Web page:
You might be writing an informal letter, but you still want it to be readable, so take a few minutes to draft an outline and organize your thoughts. You don’t have to engage in hours and hours of deep reflection. Just write a quick list of the main points or topics you want to discuss. Consider why you’re writing to the recipient, which will help you to focus your thoughts and spare the reader some waffle!

Open in a relaxed way

You could start with a simple ‘Dear Phillip’ if you’re writing to a friend or relative,  but you don’t have to. There’s nothing to stop you injecting a bit of personality into the introduction instead of addressing the recipient in this bland way. Depending on the nature of the relationship between you and the recipient, you could start off in a more humorous way or affectionate one such as ‘Now then my old mucka!’ or ‘Heya, my lovely!’. Be sure they’ll be receptive to such ways of addressing them, though. You don’t want to insult them!

Follow this up with a casual inquiry, such as ‘How have you been?’ or ‘What have you been up to?’. If the person is married or has a partner, you could ask about their wellbeing, too. Then let them know why you’re writing, even if it’s something as simple as ‘Just writing to give you an update on what’s been going on around here.’ Keep your tone warm and open.

Write as you’d speak

Remember to whom you’re writing and then write as you’d speak. If you’re writing to a friend, relative, or partner, you can be more affectionate, whereas if you’re writing to a superior, you should be respectful and if you’re writing to a subordinate, be polite. A letter is a bit like a chat, but in written form, and you should write the same way you might address the person if they were standing there in front of you.

Be original

You don’t have to write letters like everyone else. It’s the very fact that you’re the person writing the letter that gives it a unique personal touch. You don’t have to open them the same way and you don’t have to finish them the same way as the rest of the world. A letter is your chance to do your own thing, rather than trudge down than well-worn letter-writing paths.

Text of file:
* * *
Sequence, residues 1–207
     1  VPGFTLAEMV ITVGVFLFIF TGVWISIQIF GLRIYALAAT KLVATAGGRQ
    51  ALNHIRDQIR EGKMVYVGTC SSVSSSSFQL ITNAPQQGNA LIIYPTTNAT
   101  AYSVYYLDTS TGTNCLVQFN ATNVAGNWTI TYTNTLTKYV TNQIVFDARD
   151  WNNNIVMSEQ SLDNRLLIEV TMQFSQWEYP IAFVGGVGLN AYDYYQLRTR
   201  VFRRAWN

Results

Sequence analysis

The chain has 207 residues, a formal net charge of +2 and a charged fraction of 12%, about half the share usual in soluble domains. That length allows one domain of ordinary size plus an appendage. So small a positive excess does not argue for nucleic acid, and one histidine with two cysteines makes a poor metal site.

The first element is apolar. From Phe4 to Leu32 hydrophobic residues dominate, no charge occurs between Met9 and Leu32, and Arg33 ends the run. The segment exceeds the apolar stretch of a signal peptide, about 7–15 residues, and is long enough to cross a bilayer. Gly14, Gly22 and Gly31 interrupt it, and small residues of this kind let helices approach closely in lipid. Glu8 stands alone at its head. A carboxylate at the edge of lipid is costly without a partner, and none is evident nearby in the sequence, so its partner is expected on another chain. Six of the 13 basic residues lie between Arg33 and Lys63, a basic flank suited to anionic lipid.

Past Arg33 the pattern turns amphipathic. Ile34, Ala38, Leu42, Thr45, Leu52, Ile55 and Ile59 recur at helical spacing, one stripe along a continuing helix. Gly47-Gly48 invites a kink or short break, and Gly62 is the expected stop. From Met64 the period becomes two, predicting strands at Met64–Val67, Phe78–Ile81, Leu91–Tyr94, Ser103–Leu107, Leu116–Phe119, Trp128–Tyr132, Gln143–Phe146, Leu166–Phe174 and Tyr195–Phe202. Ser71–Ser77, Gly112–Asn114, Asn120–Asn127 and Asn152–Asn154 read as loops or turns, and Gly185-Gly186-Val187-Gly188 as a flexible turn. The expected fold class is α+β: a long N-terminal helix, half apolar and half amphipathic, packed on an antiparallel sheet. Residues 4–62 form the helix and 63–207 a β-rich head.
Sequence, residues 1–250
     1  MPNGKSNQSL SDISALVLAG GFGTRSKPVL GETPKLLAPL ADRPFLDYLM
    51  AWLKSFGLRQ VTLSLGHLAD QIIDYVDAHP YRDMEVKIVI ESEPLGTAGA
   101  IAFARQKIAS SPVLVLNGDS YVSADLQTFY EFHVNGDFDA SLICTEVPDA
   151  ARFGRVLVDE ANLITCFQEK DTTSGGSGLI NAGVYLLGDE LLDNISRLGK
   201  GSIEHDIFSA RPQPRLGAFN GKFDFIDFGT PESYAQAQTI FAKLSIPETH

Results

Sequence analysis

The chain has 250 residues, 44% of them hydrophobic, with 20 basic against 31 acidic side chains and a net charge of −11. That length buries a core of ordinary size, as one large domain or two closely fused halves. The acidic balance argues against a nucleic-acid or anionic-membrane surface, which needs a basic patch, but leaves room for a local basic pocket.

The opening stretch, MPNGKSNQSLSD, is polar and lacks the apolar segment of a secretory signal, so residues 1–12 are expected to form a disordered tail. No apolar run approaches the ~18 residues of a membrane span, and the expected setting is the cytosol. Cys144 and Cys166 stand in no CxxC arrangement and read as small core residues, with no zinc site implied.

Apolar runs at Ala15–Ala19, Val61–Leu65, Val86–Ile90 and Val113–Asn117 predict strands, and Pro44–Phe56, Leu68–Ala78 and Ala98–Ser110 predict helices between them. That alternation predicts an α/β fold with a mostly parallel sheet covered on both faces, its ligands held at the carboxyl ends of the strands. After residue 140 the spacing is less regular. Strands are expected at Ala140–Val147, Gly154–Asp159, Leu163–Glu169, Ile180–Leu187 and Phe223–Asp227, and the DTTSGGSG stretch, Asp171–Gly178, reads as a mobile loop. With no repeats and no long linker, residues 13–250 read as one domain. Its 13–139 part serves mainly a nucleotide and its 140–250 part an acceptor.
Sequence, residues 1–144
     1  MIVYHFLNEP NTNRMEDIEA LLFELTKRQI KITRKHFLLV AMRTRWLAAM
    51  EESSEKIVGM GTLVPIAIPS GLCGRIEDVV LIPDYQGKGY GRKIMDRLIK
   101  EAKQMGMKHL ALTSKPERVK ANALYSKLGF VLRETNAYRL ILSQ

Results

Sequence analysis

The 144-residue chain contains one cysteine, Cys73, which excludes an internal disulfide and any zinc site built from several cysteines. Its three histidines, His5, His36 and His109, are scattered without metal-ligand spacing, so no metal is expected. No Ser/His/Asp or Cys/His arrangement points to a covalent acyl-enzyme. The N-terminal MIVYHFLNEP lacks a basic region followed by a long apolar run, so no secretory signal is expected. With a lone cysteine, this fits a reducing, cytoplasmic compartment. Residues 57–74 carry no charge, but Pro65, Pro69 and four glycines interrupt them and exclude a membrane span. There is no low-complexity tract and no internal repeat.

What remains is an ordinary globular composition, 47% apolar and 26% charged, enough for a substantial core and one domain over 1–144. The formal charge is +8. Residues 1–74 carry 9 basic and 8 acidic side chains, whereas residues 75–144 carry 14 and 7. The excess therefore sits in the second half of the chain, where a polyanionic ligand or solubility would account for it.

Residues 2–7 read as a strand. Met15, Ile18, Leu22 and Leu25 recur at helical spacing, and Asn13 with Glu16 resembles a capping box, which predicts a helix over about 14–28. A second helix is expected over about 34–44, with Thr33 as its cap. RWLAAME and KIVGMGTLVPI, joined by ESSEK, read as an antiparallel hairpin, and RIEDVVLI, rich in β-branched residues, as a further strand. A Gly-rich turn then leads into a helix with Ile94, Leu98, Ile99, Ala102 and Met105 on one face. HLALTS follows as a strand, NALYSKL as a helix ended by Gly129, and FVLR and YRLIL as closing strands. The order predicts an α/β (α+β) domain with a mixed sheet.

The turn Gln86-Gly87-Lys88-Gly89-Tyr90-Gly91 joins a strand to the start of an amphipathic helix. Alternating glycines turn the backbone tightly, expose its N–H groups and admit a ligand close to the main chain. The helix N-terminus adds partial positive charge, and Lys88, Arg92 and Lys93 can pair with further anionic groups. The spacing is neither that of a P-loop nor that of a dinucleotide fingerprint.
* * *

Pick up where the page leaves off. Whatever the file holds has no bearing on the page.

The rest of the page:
Truly express yourself

Don’t hold back when expressing yourself. Using beautiful language to articulate your thoughts and feelings is part of the magic of letter writing, so write what you’re feeling at the time. Share your aspirations and your disappointments (but don’t complain — a letter should be uplifting in some way, if possible). Describing how you’re feeling will allow you to connect with the reader, who can reflect on what you’re saying and comment on. If you think, however, that in years to come you might regret something you write, leave it off the page.

If you’re lucky enough to be the person who receives a letter, remember the time and trouble to which the writer has gone to write to you. It’s good etiquette to respond. After all, if someone spoke to you in person, you’d be civil enough to respond and so you should if you receive a letter. If not, it might be the last one you receive from them.